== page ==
An actual query would also include the author’s first and last names and all contact information. These can be automatically inserted in e-mails with the signature function. “I’m always impressed when a writer provides several contact numbers and addresses,” an editor said.

 

…Furthermore: “Include your byline on the article you submit,” said an editor of a natural health magazine. “Don’t send me articles full of grammatical errors and misspellings,” another editor reminded authors.

 

“Nothing’s more refreshing for an editor than to read a query that takes him completely by surprise,” Betsy Lerner wrote in The Forest for the Trees: Editor’s Advice to Writers (www.booksnbytes.com/reviews/lerner_forestforthetrees.html).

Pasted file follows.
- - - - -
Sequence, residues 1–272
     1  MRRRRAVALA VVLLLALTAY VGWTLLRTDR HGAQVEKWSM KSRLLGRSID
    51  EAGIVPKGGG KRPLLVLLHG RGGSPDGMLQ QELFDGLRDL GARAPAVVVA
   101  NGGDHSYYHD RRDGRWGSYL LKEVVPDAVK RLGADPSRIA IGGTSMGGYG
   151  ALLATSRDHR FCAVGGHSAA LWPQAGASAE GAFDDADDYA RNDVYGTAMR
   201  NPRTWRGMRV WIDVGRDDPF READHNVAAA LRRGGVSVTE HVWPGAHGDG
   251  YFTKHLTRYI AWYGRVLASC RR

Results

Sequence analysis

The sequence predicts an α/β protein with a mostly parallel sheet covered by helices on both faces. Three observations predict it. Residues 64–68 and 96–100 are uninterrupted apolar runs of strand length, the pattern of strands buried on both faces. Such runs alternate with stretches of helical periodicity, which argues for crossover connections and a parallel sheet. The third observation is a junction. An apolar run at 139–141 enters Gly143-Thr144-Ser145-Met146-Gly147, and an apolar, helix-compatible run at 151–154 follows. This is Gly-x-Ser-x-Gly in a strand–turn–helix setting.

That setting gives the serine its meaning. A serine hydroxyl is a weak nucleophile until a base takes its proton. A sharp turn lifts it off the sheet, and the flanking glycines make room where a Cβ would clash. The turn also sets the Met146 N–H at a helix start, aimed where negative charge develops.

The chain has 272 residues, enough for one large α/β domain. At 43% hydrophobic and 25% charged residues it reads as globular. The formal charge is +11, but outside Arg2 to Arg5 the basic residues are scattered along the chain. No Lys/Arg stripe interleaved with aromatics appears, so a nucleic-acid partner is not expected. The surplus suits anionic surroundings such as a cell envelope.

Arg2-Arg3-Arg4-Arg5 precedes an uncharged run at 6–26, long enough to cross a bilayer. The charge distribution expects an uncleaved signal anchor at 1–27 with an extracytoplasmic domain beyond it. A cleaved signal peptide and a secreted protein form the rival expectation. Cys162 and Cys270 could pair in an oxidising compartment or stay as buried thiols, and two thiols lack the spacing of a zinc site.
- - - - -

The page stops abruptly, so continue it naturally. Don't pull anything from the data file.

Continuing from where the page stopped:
A small magazine editor agreed. “I like a twist. I like to guess. I love surprises, especially when stories involve mundane topics.”

 

In How to Write Attention-Grabbing Query & Cover Letters, John Wood wrote that queries should be professional, novel, provocative and creative, focused and customized. Authors, when querying, want to show that they are reliable and qualified.

 

Follow editors’ advice and their positive replies to your hot queries will grow.

***

Article by Beth Fowler, author of the beloved coming-of-age novel “Ken’s War.”

Visit https://www.facebook.com/kenswar.

https://www.youtube.com/watch?v=SQjZBjqFNzs&feature=youtu.be

 ken's war coverWhen teen rebellion & culture shock collide. Shop here: Ken’s War

Ken’s War is vibrant with authority … Fowler’s elegantly written novel risks exploring the full range of teenage behavior and emotion.” Nancy Springer, award- winning author of YA books.